I act as a censor for what my daughter is exposed to. There’s a lot of TV, movies, and YouTube that she’s not allowed to watch. There are games I won’t let her play. I keep some news stories from her. I’ve never specifically told her she can’t read a book, but I have warned her that something is too old for her and she’s stayed away. I’m not perfect, by any means, but I try.
The one thing I don’t censor, at all, is music. I don’t know why that is, but I’ll let her listen to anything she wants. It doesn’t matter how good or not good it is. It doesn’t matter if the lyrics are clean or dirty or what they’re about. It might be because I listen to so much old blues which is chock full of violence and sex. But The Beatles and operas are, too. Who knows. I am always prepared to talk to her about anything she hears. Once, Tom Dooley led to a long conversation about violence in art, tragedy, consequences, and catharsis. I’m often answering questions about what certain words mean, especially old-timey words and phrases.
Recently, we had a new experience. We were listening to the album Liz Phair by Liz Phair (@PhizLair) and almost every song sparked questions. I was caught completely off guard. I’ve never had to explain a whole album before. For those of you who are mostly familiar with Liz Phair from reputation, it wasn’t the obscenities or overt talk of sex. Those are everywhere and almost impossible to avoid. My daughter and I have talked many times about both. Obscenities and sex also have very little to do with what makes Liz Phair so interesting.
Here’s, hopefully, a sense of how it went:
The album opens with Extraordinary. The line my daughter asked about is from the chorus, “I am just your ordinary, average, everyday, sane/psycho super-goddess.” I stumbled a little out of the gate as I hadn’t been paying much attention before the question was asked. I talked a little about empowerment, then kind of let it go. I don’t think I was wrong, but if I had known what was to come, I would have liked to talk about how it’s similar, in a way, to Carol King’s (@Carole_King) Beautiful, but with the tension/frustration when the person who you wish would notice doesn’t. You’re not any less extraordinary if someone fails to notice, but it can be annoying.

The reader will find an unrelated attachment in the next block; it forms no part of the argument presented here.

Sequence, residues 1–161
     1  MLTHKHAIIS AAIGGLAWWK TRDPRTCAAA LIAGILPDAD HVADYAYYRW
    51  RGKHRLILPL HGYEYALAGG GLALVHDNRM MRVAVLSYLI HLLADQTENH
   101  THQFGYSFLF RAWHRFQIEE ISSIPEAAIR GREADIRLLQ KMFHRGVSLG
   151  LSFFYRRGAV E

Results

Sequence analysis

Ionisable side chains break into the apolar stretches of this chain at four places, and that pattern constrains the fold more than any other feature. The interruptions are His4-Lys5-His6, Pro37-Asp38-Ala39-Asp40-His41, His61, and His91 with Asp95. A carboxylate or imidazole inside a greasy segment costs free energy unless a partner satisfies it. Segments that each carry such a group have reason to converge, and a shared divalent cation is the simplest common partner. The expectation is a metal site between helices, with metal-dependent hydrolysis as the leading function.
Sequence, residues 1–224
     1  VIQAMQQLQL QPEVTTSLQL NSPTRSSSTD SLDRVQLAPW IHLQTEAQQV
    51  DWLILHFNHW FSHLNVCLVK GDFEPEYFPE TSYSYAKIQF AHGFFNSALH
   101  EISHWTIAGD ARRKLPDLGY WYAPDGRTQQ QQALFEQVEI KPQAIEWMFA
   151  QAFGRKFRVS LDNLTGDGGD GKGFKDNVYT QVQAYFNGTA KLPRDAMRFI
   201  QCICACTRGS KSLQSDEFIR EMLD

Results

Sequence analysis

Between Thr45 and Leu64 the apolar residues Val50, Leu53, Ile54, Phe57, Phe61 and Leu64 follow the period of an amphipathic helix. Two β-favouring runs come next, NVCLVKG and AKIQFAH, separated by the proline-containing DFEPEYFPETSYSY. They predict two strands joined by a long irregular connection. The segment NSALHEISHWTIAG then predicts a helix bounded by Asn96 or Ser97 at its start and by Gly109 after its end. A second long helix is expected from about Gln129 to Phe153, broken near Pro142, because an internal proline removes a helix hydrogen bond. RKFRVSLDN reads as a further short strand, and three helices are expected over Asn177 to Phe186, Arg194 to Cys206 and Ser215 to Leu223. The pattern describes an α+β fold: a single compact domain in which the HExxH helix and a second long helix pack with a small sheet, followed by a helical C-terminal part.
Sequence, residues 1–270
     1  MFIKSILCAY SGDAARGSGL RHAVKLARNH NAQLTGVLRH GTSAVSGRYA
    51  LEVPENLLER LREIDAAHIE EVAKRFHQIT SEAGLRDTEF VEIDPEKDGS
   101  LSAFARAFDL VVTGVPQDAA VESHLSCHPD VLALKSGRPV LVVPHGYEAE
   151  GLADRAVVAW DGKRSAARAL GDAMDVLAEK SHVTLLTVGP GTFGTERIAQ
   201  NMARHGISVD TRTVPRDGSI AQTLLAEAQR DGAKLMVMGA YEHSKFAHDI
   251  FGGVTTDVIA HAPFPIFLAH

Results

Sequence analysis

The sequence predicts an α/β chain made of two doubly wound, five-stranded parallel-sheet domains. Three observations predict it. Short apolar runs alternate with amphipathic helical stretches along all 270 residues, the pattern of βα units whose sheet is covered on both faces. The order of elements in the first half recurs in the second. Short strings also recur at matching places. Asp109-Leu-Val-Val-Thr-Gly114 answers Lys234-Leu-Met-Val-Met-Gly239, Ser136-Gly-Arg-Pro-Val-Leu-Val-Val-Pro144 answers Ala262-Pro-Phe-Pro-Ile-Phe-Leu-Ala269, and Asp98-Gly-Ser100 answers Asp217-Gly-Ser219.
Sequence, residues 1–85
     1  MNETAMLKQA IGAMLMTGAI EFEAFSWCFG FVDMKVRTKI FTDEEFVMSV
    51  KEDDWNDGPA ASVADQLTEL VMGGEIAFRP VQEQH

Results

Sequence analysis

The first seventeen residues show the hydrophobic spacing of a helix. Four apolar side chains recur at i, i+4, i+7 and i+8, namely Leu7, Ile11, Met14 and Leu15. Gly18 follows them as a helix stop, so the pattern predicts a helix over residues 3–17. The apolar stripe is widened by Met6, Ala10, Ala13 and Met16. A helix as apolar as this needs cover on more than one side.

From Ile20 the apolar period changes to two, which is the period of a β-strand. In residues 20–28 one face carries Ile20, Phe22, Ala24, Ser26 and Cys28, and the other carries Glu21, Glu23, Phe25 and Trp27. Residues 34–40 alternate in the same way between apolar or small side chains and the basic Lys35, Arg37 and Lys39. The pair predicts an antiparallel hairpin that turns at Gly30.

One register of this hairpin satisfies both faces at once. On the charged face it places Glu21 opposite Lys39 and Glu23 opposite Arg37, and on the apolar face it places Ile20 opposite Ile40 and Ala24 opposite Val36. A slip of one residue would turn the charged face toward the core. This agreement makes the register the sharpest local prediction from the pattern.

Red Light Fever comes next. The line that caught her attention here was, “Scared the lights will turn green, you’ll have to be seen. You’ll be like anybody else. Scared the lights will turn red. You’re stuck in your head. Too scared to commit to even her. How are you gonna get through the year?” My daughter joked that the person would be in trouble because there’s no way to only hit yellow lights. Then, she noticed the line, “Always going nowhere. Afraid of going somewhere. And somewhere’s a place in your heart.” I explained that the song is about insecurities, that a lot of people are unhappy where they are, but are too afraid to move. I didn’t get into it with her, but when I was a teenager, I thought that would get easier as an adult, but I was wrong.
Third was Why Can’t I? It was the chorus that got her again in this one. “Why can’t I breathe whenever I think about you?” and “Why can’t I speak whenever I talk about you?” We talked a bit about figurative language, how she doesn’t really stop breathing or speaking. I told my daughter that she’s a little young to know what it’s like to be this excited by another person. It’s kind of like your birthday and Christmas morning and taking off your training wheels all at the same time, but in human form. I’m not sure she really understood, but I assured her that this song captures the feeling extremely well.